Data-collaboration efforts among retailers and suppliers have been under way for years, but few companies have pulled it off. What's the trouble?
About 150 years ago, Church & Dwight Co. had just one product: sodium bicarbonate, now known as Arm & Hammer baking soda. Today, the $1.1 billion-a-year company makes around 600 products, from at-home pregnancy tests to cat litter. That's a lot of products and a lot of product data.
So it was no small task when Church & Dwight received a letter from Wal-Mart Stores Inc. last year asking it to pick one product category, clean up all the data about those products, and then collaborate with Wal-Mart so the two companies' electronic product names, descriptions, and attributes match. The IT department had to locate the data spread across departments and systems, look for redundancies and errors, double-check item information by reweighing and remeasuring each product, manually input the changes, and then electronically publish it.
The goal of all this is to ensure that when Wal-Mart electronically orders 200 cases of a product, Church & Dwight's information systems know exactly what Wal-Mart wants. And when Church & Dwight sends an advanced shipping notice alerting Wal-Mart that the 200 cases are arriving tomorrow, the retailer's systems get the exact message the vendor intended.
Such data-synchronization efforts are common throughout the retail and packaged-goods industries these days, spearheaded by UCCnet, a nonprofit unit of the Uniform Code Council standards organization formed six years ago to establish a global online registry of product information. UCCnet members include Church & Dwight, Home Depot, Procter & Gamble, Wal-Mart, and about 3,500 other companies, of which more than 30 are retailers and 3,200 are suppliers. A year ago, there were only about 600 UCCnet members. That shot up, thanks to letters from Ace Hardware, Ahold USA, Lowe's, Target, Wal-Mart, and other weighty retailers telling their suppliers to get on board. In just the first three months of this year, 566 companies joined UCCnet. To date, more than 239,000 products are registered, and more than 1,100 members actively exchange information via UCCnet.
Manufacturers submit their product information to the registry using UCCnet standards, and retailers then download the product descriptions and share the data with their back-office systems. That way, retailers and suppliers can easily share consistent product data, a must for driving down supply-chain costs, speeding new product launches, maintaining more accurate inventory data, and reducing invoice errors.
Radio-frequency identification technology, and the fast-approaching deadlines that require suppliers to use RFID tags on goods they ship to retailers, also make better data synchronization more important. RFID's promise--the ability to exchange item-level product information in real time up and down the supply chain--depends on accurate data and consistent product descriptions.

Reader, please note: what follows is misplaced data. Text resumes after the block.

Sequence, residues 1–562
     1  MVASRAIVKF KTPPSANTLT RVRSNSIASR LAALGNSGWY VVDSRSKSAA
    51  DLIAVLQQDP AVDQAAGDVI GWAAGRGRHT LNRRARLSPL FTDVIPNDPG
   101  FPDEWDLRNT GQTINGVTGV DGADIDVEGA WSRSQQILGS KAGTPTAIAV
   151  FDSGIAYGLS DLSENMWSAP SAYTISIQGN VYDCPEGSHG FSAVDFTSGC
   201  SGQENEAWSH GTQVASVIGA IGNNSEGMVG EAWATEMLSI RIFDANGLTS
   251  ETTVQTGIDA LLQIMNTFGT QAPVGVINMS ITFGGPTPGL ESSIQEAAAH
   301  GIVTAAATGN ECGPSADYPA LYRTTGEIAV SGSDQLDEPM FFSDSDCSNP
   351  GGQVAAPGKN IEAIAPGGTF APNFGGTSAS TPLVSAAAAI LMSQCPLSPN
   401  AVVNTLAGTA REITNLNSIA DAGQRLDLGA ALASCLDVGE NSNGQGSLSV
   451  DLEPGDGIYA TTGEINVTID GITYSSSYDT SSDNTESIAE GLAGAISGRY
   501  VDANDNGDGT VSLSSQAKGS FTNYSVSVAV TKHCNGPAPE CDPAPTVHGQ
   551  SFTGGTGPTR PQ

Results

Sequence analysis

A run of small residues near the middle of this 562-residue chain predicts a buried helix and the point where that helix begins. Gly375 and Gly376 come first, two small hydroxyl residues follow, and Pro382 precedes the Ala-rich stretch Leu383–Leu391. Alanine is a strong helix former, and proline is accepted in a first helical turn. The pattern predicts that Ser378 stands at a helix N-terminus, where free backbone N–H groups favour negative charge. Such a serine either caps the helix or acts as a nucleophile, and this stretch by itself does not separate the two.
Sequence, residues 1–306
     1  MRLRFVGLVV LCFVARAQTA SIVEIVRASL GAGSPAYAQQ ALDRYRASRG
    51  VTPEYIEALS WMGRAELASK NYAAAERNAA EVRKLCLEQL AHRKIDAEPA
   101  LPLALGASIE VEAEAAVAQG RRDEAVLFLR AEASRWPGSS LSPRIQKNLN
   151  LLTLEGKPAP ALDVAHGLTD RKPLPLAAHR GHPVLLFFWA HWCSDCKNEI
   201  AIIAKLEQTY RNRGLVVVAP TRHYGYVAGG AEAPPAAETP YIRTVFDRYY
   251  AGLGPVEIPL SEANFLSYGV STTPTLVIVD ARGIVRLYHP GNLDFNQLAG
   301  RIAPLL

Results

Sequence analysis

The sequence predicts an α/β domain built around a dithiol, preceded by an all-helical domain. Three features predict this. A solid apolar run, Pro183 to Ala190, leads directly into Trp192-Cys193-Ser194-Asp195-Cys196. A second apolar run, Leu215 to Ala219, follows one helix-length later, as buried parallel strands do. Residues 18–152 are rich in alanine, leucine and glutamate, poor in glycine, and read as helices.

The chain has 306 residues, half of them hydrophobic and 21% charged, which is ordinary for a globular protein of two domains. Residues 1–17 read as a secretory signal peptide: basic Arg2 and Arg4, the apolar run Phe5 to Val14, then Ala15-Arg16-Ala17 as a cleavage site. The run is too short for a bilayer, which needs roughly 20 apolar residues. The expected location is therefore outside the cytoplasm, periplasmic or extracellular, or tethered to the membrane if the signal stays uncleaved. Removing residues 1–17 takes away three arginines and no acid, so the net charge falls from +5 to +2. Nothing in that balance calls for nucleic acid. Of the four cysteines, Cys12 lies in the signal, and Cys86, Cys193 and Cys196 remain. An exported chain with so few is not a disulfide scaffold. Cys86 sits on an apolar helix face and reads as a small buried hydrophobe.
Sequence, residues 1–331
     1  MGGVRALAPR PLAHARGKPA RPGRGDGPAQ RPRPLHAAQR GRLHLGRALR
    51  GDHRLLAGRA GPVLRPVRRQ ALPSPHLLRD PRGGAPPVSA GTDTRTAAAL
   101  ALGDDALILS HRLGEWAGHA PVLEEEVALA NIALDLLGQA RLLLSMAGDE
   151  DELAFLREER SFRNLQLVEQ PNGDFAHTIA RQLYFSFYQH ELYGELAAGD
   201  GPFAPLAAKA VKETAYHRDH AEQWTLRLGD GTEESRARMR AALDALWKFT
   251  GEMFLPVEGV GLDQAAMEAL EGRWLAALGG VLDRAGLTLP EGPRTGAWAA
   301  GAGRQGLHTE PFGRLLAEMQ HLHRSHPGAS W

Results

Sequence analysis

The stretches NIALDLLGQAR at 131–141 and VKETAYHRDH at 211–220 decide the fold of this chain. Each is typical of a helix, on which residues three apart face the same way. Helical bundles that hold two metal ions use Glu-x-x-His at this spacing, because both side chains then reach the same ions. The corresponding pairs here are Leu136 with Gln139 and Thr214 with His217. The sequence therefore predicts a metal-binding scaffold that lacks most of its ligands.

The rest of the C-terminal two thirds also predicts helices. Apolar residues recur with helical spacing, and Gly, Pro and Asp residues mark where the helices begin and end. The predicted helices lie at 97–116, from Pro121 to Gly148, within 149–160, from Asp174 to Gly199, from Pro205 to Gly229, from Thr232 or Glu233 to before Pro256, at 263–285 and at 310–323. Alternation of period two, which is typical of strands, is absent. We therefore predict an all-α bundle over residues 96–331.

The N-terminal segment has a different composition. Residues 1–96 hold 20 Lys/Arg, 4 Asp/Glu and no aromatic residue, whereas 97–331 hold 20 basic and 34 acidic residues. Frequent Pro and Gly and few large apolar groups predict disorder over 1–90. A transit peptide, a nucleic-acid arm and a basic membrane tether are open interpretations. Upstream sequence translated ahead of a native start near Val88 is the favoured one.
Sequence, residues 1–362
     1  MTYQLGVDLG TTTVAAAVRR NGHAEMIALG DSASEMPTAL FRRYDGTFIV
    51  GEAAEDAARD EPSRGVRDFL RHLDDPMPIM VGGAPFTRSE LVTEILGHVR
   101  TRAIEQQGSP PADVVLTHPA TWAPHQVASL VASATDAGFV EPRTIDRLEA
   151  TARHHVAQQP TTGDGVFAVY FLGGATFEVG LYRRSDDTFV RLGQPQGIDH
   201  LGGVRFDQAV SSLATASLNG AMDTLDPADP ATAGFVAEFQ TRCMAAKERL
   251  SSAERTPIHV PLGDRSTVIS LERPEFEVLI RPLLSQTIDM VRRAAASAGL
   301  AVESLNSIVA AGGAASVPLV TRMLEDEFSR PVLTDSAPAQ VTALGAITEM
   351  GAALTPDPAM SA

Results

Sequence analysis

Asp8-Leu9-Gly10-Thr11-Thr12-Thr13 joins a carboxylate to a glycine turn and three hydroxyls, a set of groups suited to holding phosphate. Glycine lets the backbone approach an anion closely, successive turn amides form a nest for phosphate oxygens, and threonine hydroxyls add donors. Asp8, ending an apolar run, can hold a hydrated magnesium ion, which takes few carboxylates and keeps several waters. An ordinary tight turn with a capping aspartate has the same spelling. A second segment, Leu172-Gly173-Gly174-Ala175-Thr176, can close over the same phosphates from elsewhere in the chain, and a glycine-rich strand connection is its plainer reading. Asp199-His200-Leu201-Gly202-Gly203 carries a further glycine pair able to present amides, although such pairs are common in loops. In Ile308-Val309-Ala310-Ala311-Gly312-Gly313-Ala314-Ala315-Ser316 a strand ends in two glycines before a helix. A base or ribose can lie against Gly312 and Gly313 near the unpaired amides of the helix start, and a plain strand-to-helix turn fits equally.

Just having clean data is a benefit, Church & Dwight's Bonura says.
"The industry is transforming, and retailers are looking for a commitment," says Pierre Bonura, senior manager of sales systems at Church & Dwight. "The goal to synchronization is to gain data accuracy and communicate that information from machine to machine using the same language."
The energy behind data synchronization is impressive, but a worldwide registry that holds accurate product data about millions of consumer goods is a long way off. "Data synchronization is a messy job," says Bernie Hogan, senior VP and chief technology officer at UCC. Many companies still operate their different business lines autonomously, creating silos of data that are scattered throughout their organizations. Some, like $9.9 billion-a-year tool manufacturer Ingersoll-Rand Co., have grown and diversified through acquisitions, accumulating a mountain of disconnected product data along the way. And for companies that sell and buy internationally, there are product-data cataloging standards that vary from country to country.
When 3M Co., as part of its UCC effort, started looking at all the ways it stored and sent product-attribute data, it found information was transmitted by phone, E-mail, fax, CDs, EDI, PDFs, spreadsheets, Web sites, and printed price pages. 3M isn't unusual in that regard. If the company could publish all that data once to the single UCC registry, which could be accessed by many retailers, that alone would cut costs out of a manual and fragmented process, said Peggy Spofford, 3M's UCCnet/RFID project manager, at a recent Retail Systems conference. Greater savings could come from using the effort to make processes such as new-product introductions more efficient.
But it also requires changes to 3M's data-management processes, such as requiring data owners to enter data to meet UCCnet standards, making them accountable for the data's integrity, and adding data fields needed to support data synchronization. For the time being, 3M is focused on tactical compliance with retailers' deadlines--it expects to be connected to several retailers this year--before tackling more-strategic internal changes the system might allow, Spofford said.
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